“His image of women is very inaccessible…They’re not the kind of women you see every day on the street,” an observer says of McQueen’s models in documentary McQueen and I. But what is discernible from Savage Beauty is just the opposite. The McQueen woman is the woman you see every day on the street, but armoured for battle; dressed as she might see herself in her most empowered dreams. You might be afraid of a woman wearing McQueen, but a woman wearing McQueen certainly isn’t afraid of you.

It becomes clear – even to those who know little of the designer before attending the exhibition – that his designs revolve very much around the highly choreographed catwalk shows through which they are first presented to the world. McQueen seems to have operated by hitting upon an idea for a show and working backwards, creating clothes that matched the concept.

This is never more obvious than in the room titled the Cabinet of Curiosities; the walls are shelves, stuffed with innumerable accessories from McQueen’s fashion shows, as well as more than a few complete outfits. The infamous white cotton dress from his No. 13 collection, that was spray-painted black and yellow by robots, takes pride of place in the centre, while various screens feature edited excerpts from a cross section of catwalks.

Carefully studying these clothes while standing half a foot away from them affords an amazing opportunity to spot details that simply don’t translate in photographs. However, paradoxically, McQueen’s designs can only be really understood when you see them moving along the catwalk, in the complete culmination of his vision.

Because of course, a McQueen catwalk wasn’t like any other; models walked through water or trudged through snow, they circled around a giant pile of blackened trash, they gambolled madly inside a mirrored box, gilded skeletons clutched at their ankles, they wore antlers on their heads, or huge boxes filled with live moths. Seeing these clothes standing statically in a museum is breath-taking, but something huge is lost with the absence of dynamic movement (YouTube is our friend).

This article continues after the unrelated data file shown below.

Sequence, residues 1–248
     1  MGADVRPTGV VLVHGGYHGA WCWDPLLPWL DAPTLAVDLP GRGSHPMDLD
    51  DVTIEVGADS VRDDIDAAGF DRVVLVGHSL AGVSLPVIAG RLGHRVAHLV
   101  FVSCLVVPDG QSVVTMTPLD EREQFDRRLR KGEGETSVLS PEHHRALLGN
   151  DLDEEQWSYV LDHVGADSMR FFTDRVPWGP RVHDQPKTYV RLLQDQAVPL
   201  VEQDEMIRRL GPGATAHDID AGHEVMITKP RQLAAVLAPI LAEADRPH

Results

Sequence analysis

As stunning as this exhibition is, the curation of it certainly isn’t without fault. The walls in the Cabinet of Curiosities are groaning with objects begging to be studied, but most of them are far too high above head level for you get a decent look at (lots of craning, usually in vain). The labels that inform you which piece is which are tiny, and badly placed, usually flat on the floor; you have to stand directly above to read them, at which point your head casts a shadow so that neither you – nor anyone standing around you – can actually make out the words.

There is also a surprising dearth of information about McQueen himself. The walls are dotted with significant quotations, but there is little to no material about the designer’s life or influences in the actual exhibition (further reading is required for that).

Even so, the exhibition as a whole is a fascinating and thought provoking experience. Each room pounds with a hypnotic soundtrack taken from the corresponding catwalk show (McQueen was very clearly influenced by film, from The Shining to The Piano to Schindler’s List), and by the end your head reels, almost as if you’ve awoken from a strange hallucination populated by fantastical beings.

Alexander McQueen: Savage Beauty is showing at the Victoria and Albert Museum until August, and you can purchase tickets here.